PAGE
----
Nerve Supply and Muscle fiber Stimulation
Skeletal muscle fibers do not contract unless they are stimulated by motor neurons. Motor neurons are specialized nerve cells that stimulate muscles to contract. Motor neurons generate action potentials that travel to skeletal muscle fibers. Axons of these neu-rons enter muscles and send out branches to several muscle fibers. Each branch forms a junction with a muscle fiber, called a neuro-muscular junction (figure 7.5). A more general term, synapse (sin′aps), refers to the cell-to-cell junction between a nerve cell and either another nerve cell or an effector cell, such as in a muscle or a gland. Neuromuscular junctions are located near the center of a muscle fiber. A single motor neuron and all the skeletal muscle fibers it innervates constitute a motor unit. A motor unit in a small, precisely controlled muscle, such as in the hand, may have only one or a few muscle fibers per unit, whereas the motor units of large thigh muscles may have as many as 1000 muscle fibers per motor unit. Therefore, the fewer fibers there are in the motor units of a muscle, the greater control you have over that muscle. Many motor units constitute a single muscle.
A neuromuscular junction is formed by a cluster of enlarged axon terminals resting in indentations of the muscle fiber’s cell membrane. An enlarged axon terminal is the presynaptic terminal; the space between the presynaptic terminal and the muscle fiber membrane is the synaptic cleft; and the muscle fiber membrane is the postsynaptic membrane. Each presynaptic terminal contains many small vesicles, called synaptic vesicles. These vesicles con-tain acetylcholine (as-e-til-kō′lēn), or ACh, which functions as aneurotransmitter, a molecule released by a presynaptic nerve cellthat stimulates or inhibits a postsynaptic cell.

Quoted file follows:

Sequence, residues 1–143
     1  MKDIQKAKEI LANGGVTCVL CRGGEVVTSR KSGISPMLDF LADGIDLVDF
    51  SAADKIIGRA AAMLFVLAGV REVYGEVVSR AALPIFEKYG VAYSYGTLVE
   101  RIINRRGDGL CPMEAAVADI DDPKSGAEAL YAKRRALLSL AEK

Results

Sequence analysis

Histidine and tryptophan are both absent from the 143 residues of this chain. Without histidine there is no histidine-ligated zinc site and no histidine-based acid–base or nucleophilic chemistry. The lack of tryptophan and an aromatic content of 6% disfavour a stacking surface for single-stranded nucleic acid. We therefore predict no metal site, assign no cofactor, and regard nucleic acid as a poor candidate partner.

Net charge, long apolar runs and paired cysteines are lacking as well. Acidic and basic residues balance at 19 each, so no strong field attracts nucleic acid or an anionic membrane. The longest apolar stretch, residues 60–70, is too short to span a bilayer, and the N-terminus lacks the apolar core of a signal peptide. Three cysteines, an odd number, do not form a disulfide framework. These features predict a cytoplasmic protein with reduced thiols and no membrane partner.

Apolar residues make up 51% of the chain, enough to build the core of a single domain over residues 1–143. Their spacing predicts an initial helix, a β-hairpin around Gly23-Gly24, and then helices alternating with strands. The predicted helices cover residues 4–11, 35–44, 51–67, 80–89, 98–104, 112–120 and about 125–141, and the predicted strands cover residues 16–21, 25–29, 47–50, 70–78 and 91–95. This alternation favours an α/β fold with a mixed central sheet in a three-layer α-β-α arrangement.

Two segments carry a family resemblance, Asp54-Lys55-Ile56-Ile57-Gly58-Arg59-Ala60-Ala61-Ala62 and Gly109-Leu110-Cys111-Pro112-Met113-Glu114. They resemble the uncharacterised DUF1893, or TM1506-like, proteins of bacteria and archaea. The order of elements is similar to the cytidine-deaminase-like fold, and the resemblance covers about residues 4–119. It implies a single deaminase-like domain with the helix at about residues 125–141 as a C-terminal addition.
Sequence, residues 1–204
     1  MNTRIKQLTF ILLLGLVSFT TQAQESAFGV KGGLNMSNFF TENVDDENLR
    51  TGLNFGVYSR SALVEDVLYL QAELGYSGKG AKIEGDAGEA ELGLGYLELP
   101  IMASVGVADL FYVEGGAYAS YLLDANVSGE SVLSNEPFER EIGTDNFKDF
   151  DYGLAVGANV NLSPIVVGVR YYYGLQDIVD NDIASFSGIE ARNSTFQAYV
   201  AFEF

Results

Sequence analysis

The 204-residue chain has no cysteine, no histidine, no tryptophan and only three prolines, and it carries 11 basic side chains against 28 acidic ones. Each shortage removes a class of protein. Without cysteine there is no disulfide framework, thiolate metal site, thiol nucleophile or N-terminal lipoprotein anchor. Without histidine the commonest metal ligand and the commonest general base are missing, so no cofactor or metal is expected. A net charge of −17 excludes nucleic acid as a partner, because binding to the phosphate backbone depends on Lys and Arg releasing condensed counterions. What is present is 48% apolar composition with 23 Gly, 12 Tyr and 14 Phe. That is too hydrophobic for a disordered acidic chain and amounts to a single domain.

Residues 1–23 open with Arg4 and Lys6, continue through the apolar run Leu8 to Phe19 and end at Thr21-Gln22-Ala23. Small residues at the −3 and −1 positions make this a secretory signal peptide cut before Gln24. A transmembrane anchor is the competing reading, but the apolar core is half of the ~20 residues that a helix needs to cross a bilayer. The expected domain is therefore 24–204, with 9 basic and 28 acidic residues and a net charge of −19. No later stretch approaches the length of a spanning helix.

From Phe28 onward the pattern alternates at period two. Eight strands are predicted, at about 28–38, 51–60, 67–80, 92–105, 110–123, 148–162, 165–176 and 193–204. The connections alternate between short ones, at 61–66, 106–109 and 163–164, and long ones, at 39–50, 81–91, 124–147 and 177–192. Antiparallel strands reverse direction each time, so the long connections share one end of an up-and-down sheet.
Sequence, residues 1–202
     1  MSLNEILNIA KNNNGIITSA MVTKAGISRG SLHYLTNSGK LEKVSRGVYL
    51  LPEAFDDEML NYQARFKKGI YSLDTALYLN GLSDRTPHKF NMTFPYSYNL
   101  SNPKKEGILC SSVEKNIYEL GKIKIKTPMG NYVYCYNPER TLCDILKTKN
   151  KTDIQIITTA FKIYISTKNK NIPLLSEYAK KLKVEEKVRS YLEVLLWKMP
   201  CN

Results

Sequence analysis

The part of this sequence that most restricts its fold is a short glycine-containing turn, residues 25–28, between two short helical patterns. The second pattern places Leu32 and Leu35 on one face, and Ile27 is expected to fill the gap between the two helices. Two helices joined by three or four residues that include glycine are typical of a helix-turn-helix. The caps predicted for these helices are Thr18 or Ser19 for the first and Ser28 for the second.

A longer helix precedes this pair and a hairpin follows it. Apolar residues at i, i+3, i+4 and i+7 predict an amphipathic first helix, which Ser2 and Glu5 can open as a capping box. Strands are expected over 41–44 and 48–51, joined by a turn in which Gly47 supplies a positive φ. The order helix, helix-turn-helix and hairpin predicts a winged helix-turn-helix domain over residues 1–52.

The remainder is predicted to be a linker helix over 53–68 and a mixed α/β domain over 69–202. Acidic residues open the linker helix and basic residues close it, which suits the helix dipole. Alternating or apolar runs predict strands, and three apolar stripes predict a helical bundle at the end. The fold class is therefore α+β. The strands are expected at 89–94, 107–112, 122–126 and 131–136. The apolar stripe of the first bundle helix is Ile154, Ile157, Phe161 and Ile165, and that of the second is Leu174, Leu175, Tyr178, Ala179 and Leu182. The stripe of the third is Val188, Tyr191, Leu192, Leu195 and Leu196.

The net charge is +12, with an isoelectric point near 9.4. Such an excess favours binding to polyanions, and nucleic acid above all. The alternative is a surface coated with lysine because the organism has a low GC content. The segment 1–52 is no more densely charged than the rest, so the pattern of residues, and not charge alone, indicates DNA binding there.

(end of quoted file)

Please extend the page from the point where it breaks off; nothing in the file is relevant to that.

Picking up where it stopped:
When an action potential reaches the presynaptic terminal, it causes Ca2+ channels to open. Calcium ions enter the presynaptic terminal and cause several synaptic vesicles to release acetyl-choline into the synaptic cleft by exocytosis (figure 7.6, steps 1 and 2). The acetylcholine diffuses across the synaptic cleft and binds to acetylcholine receptor sites on the Na+ channels in the muscle fiber cell membrane. The combination of acetylcholine with its receptor opens Na+ channels and therefore makes the cell membrane more permeable to Na+. The resulting movement of Na+ into the muscle fiber will initiate an action potential once threshold is reached. The action potential travels along the length of the muscle fiber and causes it to contract (figure 7.6, steps 3 and 4). The acetylcholine released into the synaptic cleft between the neuron and the muscle fiber is rapidly broken down by an enzyme, acetylcholinesterase(as′e-til-kō-lin-es′ter-ās). This enzymaticbreakdown ensures that one action potential in the neuron yields only one action potential in the skeletal muscle fibers of that motor unit and only one contraction of each muscle fiber.